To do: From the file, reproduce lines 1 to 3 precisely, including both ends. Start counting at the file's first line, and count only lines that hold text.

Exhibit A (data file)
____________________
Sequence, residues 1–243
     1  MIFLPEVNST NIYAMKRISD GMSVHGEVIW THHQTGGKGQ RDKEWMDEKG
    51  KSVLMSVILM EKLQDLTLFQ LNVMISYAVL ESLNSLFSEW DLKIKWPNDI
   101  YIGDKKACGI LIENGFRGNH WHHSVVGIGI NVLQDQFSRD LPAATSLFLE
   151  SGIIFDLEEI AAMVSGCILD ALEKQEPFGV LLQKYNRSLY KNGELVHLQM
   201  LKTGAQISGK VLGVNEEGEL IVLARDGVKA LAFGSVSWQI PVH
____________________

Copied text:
Sequence, residues 1–243
     1  MIFLPEVNST NIYAMKRISD GMSVHGEVIW THHQTGGKGQ RDKEWMDEKG
    51  KSVLMSVILM EKLQDLTLFQ LNVMISYAVL ESLNSLFSEW DLKIKWPNDI